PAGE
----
If you want a new system, the one below would be great for ~$500. It assumes that you dislike Vista (which most people do) and can continue to use the HDD out of your old computer. Come to think of it, you could save another few bucks and steal the disk drive. With just $100 more, you could make a really nice system, but this one will meet all your goals.
The r7-260x is an update version of the 7770 that I used in the build above. What you could do is get the power supply that I recommended and then the 7770/r7-260x and try them in your old computer. Then if it doesn't meet your needs, or you just want something a bit more speedy, you could do a full build.
I'm assuming you can't spend too much. That computer is outdated, so it'll bottleneck almost anything. I would try a 7750 or r7-250. That'll let you play the games, though maybe not on great settings.
A new system would be best.
I don't have a guide, but I have a few tips.
Hope this address any questions you may have, just tell me if you have any more or if you need recommendations. :)
I love that GPU that says "GEFORCE GTX" down the side. Great build!
I think I would go with the 290x, then later you can add another if you really need to.
Note that it is a rule of thumb to go with the single card that offers the same performance as the dual card set up. A single card uses less power, offers more room for upgrade, and often costs less.
I would have gone with a more efficient modular PSU for that price, especially since you said cable management was tough. Otherwise, nice build. I love that side panel.
That's not a very fun place to put the AMD sticker. :( Anyway, nice budget build, and great grab on that RAM.
I would have gone up to a 7770 for ~$80, but I guess a budget is a budget. I hope he has fun! :)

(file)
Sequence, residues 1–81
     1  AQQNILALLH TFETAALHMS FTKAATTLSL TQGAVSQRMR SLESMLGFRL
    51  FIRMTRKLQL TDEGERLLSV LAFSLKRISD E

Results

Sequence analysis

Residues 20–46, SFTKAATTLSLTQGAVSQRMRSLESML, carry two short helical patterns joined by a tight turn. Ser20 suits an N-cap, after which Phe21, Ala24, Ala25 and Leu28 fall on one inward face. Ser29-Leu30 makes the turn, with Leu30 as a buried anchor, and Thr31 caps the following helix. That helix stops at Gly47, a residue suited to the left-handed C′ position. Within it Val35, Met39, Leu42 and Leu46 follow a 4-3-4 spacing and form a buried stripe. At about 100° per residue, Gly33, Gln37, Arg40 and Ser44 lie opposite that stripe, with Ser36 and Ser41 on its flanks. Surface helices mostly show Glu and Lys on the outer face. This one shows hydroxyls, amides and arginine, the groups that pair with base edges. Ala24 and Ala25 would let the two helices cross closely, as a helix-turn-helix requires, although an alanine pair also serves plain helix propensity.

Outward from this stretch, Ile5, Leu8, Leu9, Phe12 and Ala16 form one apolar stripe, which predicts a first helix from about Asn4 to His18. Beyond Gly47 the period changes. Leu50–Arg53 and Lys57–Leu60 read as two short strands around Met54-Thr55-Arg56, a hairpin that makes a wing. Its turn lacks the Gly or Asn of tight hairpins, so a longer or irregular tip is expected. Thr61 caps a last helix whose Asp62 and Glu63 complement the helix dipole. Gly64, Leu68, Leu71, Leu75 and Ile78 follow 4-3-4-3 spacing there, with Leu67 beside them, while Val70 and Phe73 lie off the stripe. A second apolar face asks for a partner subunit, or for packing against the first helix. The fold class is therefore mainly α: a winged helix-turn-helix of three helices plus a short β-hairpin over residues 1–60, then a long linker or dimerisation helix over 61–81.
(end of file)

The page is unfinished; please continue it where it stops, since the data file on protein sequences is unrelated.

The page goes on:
Get that PSU instead. I then suggest upgrading your GPU with the money you save.
Alright, that'll be good then.
From what I hear Noctua fans are very quiet. You really only need a custom cooler if you plan on overclocking, and if you are, make sure you have an unlocked motherboard.
Yeah, I like your part selections.
That looks great!
Still go with the APU. Do you have a budget? I could help you fill out the parts around your APU, even to the point where you could by everything for your new computer right there at Microcenter.
The 7850k would be great for light gaming. I looked at the benchmarks and it even gets good frames on medium on some recent 3D games. Microcenter has no combo deals for the 760k, so after you get a motherboard you will have spent 120+ anyway. If you end up wanting to game harder, you can pair the 7850k with a GPU and have a nice gaming rig.
Why did you go with the 650 Ti Boost versus all of the closely priced 660/7850/7870/R9-270? I saw the pictures and it doesn't look like you have space constraints.
An improved version of zac16's build. S/he did a good job but there were a few places that could be trimmed. I could prune it even more if you need me to.
Why are you upgrading if it's running "optimally"?
Not a great idea. Even if you can get the CPUs for cheaply, motherboards are expensive and aren't made with gaming in mind. There is no overclocking except on aftermarket boards and there'll be SLI/CF. Also, many games don't have support for the extra threads that dual CPUs are made for. That being said, paired with a good graphics card it'll still be great for gaming.
You should really only do it if you think you need the extra power for things like video rendering and if you can get the Xeons+motherboard for cheaper than you can get a 4670k/4770k+motherboard.
A 760 is a bit worse than what you have, even with the expanded RAM. I would stick with the 280x or go with a GTX 770.
If you want to save money, go with the r280x. The reduced clock rate won't ruin anything.
I'd get the EVO if you can afford it.
They're fairly comparable, get the cheaper one since this seems to be a budget build.
Pretty sweet build for the price; it'll be even better when you get a GPU.
I see, thanks for the explanation. +1
I agree that an 8350 with an SSD would have been good. Also, if you bought the CPU at microcenter, why didn't you get a bundle deal? Finally, what OS are you running on it?
Nice build! Why did you rate some the parts as you did?
I've been looking into HTPC building recently. How do like that case?